How to be old—we're all learning

How many older people use the internet? Surprising research from New Zealand

Slide from Professor Miriam Lips’ Nethui talk about research on digital inclusion for seniors

How do older people use the internet? Easy, right? They don’t—or do they? (They being me.) We have often been told that seniors are Luddites who avoid using email and smartphone apps and online games and Skype and blogs and social media and other digital technology. But hang on, even if that used to be true, is it still true?

At last we have up-to-date information about how older people use the internet in New Zealand, and it’s mighty interesting. At Partners’ Day before NetHui NZ, we got a preview of several research studies, including the findings of Miriam Lips, Professor of Digital Government (Victoria University of Wellington School of Government) and her team.

Every slide got me thinking, and I’m looking forward to a full report being published next month.

Meanwhile, let’s think about this one slide and its implications. First I’ll provide a text version below, because, alas, I suspect many of you have trouble reading pale text on a cream background. (People of all ages struggle with low-contrast text. That’s not news, by the way. Sigh.)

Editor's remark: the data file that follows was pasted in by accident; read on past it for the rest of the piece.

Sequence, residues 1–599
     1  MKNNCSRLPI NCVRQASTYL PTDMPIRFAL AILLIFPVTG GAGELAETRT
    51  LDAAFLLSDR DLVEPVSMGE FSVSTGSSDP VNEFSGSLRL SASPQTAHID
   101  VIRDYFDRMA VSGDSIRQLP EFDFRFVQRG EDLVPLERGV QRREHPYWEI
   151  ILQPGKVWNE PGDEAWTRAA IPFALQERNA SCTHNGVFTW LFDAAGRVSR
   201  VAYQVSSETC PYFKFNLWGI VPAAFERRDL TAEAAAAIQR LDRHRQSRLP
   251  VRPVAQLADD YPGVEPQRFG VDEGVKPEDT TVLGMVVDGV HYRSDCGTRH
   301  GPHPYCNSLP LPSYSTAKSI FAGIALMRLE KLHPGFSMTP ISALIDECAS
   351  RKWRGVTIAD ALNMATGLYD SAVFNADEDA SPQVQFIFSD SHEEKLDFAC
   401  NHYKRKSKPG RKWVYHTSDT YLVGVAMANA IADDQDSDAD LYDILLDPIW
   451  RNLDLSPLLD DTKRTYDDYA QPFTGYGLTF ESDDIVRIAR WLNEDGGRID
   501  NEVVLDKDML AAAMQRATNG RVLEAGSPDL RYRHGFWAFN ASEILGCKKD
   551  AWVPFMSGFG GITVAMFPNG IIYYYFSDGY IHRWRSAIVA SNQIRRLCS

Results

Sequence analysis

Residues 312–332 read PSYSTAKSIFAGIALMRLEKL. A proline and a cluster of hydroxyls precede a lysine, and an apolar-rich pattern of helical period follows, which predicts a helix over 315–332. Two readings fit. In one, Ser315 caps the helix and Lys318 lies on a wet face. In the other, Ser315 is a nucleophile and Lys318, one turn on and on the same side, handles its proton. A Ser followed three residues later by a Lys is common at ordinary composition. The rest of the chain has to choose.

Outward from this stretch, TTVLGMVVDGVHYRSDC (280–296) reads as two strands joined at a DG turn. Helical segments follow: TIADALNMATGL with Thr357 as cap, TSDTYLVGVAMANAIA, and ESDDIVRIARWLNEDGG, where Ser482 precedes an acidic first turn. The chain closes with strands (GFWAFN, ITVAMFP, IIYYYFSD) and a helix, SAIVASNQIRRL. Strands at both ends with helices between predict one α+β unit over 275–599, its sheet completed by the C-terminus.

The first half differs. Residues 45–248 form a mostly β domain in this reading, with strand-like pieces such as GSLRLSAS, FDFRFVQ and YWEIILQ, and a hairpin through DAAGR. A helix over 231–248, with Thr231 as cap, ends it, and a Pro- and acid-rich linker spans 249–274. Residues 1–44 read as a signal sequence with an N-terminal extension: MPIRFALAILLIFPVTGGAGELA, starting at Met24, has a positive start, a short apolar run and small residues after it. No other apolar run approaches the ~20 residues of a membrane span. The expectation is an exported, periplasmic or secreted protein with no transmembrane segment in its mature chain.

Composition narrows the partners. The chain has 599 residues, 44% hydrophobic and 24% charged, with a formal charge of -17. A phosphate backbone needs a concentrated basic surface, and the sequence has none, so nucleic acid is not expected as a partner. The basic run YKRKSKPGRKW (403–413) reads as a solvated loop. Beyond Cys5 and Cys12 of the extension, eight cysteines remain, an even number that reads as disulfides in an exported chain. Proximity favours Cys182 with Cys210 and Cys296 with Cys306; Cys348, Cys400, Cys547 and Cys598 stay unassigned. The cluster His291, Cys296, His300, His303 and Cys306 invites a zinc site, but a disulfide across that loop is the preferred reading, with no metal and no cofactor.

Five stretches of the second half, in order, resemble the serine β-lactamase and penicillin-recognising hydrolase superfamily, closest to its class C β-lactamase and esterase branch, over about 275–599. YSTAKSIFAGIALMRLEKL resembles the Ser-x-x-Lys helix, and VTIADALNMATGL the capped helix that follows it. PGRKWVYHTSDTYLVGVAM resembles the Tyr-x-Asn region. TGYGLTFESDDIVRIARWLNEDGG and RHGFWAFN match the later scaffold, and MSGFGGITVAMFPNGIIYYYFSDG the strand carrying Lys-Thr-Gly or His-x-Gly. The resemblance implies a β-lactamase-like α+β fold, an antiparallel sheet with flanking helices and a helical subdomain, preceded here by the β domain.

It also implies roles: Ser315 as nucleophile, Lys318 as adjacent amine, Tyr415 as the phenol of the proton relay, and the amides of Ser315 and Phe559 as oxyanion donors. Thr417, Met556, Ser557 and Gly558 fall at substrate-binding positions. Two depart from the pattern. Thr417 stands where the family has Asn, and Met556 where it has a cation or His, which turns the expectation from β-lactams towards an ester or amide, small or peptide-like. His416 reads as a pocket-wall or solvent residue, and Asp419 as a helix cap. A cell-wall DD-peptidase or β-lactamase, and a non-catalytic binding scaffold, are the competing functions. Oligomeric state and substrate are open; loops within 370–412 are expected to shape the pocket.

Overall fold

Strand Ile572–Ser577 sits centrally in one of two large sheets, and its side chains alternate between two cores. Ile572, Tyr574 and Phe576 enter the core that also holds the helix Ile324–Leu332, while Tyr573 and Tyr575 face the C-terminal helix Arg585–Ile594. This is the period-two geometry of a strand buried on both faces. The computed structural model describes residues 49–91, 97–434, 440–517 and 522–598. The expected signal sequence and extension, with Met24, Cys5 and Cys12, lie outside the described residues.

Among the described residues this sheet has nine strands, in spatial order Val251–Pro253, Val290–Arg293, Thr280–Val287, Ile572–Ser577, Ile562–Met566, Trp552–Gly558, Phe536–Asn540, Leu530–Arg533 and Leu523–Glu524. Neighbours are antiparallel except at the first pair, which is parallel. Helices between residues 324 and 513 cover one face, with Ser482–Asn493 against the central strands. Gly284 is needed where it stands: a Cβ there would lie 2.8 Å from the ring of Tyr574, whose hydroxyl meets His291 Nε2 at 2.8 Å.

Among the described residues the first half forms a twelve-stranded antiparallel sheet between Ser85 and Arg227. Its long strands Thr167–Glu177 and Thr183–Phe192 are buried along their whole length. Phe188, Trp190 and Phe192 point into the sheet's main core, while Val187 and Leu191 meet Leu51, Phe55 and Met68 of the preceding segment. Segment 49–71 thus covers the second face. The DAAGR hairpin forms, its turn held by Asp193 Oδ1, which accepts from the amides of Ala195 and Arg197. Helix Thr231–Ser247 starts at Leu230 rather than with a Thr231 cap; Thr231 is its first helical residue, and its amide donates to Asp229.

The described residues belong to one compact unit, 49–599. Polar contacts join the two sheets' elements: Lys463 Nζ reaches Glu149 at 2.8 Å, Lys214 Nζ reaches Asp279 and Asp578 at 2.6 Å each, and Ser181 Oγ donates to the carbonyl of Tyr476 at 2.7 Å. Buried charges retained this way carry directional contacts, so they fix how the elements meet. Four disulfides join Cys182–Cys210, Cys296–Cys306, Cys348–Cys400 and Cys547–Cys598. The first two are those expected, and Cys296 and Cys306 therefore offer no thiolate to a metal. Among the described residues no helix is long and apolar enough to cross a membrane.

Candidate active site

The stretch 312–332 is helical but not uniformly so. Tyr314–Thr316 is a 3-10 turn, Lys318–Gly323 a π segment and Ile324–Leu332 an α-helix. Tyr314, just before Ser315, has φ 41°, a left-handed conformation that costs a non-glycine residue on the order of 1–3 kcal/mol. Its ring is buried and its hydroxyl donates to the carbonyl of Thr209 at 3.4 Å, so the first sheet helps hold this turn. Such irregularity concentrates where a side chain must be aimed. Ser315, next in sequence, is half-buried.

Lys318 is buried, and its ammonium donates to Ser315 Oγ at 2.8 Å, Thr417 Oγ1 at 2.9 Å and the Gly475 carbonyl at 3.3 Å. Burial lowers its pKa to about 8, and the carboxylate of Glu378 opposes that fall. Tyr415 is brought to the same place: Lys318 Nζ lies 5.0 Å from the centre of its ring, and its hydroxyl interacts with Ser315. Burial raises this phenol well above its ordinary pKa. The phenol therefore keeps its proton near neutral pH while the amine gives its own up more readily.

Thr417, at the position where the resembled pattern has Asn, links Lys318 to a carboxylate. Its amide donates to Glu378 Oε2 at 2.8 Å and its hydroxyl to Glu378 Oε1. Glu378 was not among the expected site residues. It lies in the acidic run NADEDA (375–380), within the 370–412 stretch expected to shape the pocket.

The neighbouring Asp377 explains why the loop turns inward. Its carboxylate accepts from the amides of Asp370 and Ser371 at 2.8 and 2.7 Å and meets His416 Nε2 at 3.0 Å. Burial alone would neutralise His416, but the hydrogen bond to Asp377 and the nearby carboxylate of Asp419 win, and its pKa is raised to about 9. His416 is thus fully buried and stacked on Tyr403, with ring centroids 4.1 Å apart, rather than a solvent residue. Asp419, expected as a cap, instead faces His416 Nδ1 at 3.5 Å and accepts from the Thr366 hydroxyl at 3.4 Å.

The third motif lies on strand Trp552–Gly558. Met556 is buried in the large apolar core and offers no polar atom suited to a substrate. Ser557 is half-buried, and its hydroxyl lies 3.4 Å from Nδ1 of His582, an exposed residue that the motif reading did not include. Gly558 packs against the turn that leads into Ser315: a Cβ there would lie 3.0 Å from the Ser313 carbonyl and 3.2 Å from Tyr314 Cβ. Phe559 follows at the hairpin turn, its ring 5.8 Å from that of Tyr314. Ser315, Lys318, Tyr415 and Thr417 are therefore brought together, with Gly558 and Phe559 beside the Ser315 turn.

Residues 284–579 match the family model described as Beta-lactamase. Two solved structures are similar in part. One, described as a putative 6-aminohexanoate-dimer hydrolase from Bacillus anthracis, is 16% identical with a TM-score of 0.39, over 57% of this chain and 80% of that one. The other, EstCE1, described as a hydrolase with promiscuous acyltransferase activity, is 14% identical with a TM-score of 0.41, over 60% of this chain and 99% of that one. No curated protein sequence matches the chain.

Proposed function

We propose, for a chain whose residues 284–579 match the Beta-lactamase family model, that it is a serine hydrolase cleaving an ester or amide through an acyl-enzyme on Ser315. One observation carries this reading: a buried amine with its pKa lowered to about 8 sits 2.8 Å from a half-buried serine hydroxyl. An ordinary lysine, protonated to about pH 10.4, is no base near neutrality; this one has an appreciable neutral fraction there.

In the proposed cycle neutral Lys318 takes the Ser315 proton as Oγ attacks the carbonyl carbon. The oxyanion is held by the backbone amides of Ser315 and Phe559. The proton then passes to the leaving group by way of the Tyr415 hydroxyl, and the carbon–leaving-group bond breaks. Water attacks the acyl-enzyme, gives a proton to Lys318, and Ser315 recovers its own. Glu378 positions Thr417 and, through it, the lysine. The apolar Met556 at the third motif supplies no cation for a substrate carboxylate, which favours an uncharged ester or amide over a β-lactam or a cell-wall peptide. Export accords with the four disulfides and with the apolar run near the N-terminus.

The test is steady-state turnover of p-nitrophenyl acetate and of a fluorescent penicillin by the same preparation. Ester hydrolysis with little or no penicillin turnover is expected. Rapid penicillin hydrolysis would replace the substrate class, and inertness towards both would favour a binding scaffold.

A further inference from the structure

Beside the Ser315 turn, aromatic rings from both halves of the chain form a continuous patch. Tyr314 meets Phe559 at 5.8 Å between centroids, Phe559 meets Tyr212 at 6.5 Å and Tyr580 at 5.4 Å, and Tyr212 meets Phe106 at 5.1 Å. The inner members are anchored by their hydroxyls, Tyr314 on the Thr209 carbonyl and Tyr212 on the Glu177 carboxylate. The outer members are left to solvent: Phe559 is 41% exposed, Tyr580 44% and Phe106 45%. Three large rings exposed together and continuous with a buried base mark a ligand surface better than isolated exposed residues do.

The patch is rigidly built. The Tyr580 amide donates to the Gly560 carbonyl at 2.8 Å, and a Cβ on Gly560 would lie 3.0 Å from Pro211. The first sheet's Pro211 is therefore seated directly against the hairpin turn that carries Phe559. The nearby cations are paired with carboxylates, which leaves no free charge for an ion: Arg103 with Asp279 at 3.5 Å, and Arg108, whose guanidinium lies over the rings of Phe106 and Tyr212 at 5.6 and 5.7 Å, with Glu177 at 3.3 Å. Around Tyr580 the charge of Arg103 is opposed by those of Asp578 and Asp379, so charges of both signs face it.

Description of the slide: Older people using the internet and other technology

First a paragraph explaining why it’s worth researching this topic:

Technology presents an opportunity to improve the lives of older people—improving health care and connections with family and friends. Conversely, those who do not have digital tools or do not have access to technology are unable to realise its benefits.

Now to the nitty gritty—2019 data about the level of internet usage in New Zealand residents of various age groups:

Internet usage by age

  • Under 65: over 97% use the internet
  • 65–74: 90% use the internet
  • 75–84: 75% use the internet
  • 85 and older: only 50% use the internet

A plunge in internet usage after the age of 75

There’s hardly any drop in internet usage between people 65–74 and younger people. Then suddenly in the next ten years, the gap doubles from 7% to 15%. And among those 85 and older, usage plunges by 25%.

Doubtless the full report will explain these figures legitimately. Meanwhile here are my own conclusions, or rather, hypotheses.

When it comes to using the internet and other technology, we’d better stop thinking of people in their 60s and mid-70s as old. Their habits are similar to those of younger people. And 10 years from now, that may well be true of people in their eighties. We shall see.

Why are the stats changing? I assume for two reasons:

When the internet entered the workplace in 1996:

Lots to think about in one small dose of data! I look forward to the full report from Professor Lips’ team on this aspect of digital government: how older people use the internet, and how to help those who would benefit from it.